Neill Blomkamp interview

2009-08-26 15:25

Q: Hi Neill. Will you give me a job?
Neill: [laughs] Uh, sure. What can you do?

Q: I can, uh, write. And ask questions?
Neill: Okay... um. We'll see.

Q: Is Peter Jackson [producer of District 9] awesome?
Neill: Yeah. I can honestly say he's awesome, without any element of sucking up. He's a genuinely warm person.

Q: Your movie is a big hit overseas. Did you expect that?
Neill: I'm definitely surprised by how well we've done, both critically and commercially. I only just found out that District 9 made $37 million in its opening weekend in the States.

Q: In two sentences, could you tell us what your movie is about?
Neill: It's a science fiction movie set in Joburg. There's a lot of other things going on, but the genesis is wanting to see a sci-fi set in Joburg.

Q: Would Sharlto [Copley, who plays Wikus van der Merwe, hero of District 9] make a good John-117? [Also known as Master Chief, protagonist of the Halo videogame-series, which Neill spent half a year turning into a movie before funding for the project fell through]
Neill: [laughs] Fuck, that's hilarious. He could probably pull it off. Especially since you never see Master Chief's face.

Q: Did the design of the Covenent [evil race of aliens in the Halo series] influence the design of the aliens in District 9?
Neill: No. Definitely not. We spent five months working on Halo. We made more than 2500 illustrations. Each individual in that universe was designed hundreds of times. I knew exactly what they looked like. And I consciously threw it all out when the movie was cancelled.

Q: You've been away for more than a decade [living in Canada], and have a pretty bleak view of South Africa. Has your time away influenced your view of the country, considering the politcal elements in District 9?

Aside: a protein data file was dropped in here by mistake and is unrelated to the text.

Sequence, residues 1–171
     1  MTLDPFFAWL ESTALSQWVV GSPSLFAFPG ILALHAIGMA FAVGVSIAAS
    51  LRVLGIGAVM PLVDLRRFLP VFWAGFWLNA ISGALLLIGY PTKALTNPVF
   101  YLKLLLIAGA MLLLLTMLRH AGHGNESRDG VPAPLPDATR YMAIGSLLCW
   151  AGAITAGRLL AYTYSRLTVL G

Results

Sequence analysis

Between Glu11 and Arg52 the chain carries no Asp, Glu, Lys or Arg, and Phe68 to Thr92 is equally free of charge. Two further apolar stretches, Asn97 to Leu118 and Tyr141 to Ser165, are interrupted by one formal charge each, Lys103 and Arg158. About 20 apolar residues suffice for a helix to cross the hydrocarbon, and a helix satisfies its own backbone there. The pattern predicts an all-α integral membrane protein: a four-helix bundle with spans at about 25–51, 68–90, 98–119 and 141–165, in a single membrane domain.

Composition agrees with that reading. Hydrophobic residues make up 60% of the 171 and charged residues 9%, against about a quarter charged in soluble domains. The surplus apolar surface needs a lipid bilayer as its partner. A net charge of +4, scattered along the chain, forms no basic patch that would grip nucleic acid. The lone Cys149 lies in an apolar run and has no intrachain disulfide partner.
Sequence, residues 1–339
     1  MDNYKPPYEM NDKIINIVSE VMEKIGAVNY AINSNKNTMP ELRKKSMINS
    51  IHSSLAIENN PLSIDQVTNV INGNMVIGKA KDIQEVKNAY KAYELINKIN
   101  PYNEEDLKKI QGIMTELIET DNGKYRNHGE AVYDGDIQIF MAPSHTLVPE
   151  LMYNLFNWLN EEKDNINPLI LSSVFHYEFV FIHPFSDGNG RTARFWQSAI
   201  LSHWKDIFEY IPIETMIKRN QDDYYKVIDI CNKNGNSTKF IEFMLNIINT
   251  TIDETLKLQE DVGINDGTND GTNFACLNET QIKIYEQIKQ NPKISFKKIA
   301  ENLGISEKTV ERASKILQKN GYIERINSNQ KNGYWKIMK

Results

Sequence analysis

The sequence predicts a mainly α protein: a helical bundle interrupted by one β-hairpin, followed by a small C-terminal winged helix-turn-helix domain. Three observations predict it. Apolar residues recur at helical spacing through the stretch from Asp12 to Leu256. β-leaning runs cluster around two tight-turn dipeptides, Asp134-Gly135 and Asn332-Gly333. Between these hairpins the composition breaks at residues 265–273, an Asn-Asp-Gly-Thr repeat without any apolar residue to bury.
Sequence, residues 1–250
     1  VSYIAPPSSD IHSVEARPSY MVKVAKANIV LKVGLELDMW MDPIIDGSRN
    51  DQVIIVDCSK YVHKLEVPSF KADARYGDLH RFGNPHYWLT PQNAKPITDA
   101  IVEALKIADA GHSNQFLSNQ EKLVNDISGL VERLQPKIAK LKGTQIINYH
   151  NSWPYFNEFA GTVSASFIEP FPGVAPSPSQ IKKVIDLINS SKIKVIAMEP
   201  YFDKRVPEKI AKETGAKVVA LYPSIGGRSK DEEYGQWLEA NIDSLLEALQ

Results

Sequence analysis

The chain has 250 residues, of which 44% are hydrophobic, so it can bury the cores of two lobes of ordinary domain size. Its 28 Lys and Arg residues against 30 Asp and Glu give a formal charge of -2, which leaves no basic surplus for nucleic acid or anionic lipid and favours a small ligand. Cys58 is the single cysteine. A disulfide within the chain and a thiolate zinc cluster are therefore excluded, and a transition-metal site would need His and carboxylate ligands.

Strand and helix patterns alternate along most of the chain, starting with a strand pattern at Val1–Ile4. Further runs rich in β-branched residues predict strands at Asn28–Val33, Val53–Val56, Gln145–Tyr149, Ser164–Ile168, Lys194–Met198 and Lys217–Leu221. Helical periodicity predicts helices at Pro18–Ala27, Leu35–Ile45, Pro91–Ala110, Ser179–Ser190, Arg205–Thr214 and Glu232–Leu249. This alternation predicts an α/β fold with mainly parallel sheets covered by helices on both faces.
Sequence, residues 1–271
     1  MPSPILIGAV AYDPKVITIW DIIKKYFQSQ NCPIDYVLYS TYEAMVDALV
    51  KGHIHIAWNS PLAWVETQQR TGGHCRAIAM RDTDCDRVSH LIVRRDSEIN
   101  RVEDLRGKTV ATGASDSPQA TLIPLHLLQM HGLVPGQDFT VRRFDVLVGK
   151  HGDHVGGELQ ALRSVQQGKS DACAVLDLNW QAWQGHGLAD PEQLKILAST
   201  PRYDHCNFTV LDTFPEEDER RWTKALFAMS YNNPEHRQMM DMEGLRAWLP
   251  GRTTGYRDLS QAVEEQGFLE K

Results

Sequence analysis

Neill: I don't view it as political. I just wanted to throw some South African stuff in. But, of course, it's not truthful, since it's coming from a white guy. And I have a bleak view of the world in general. The setting was just interesting, but I wouldn't use the word 'political' since it sounds like it needs resolution.

Q: How was the co-operation from the police and armed services in making the movie, considering the content?
Neill: Crap. Dogshit. They strung us along for months and didn't do anything. Then they pulled out at the last minute.

Q: What did you want them for?
Neill: Well, then the movie would have been more authentic to have real police in it. So we ended up having these private military corporation vehicles go into the townships instead.

Q: Is it true that the movie contains real footage of the xenophobic riots in Johannesburg in 2008?
Neill: Yeah. In the beginning of the movie. Those guys with machetes.

Q: Wikus is a very Afrikaans character. What made you decide on him as the hero?
Neill: Making him so Afrikaans was deliberate, and having an Afrikaans bureaucrat go through such a transition. It was an interesting character arc for me.

Q: Would you say the apartheid metaphor in District 9 is politically accurate? For instance, the aliens are very docile.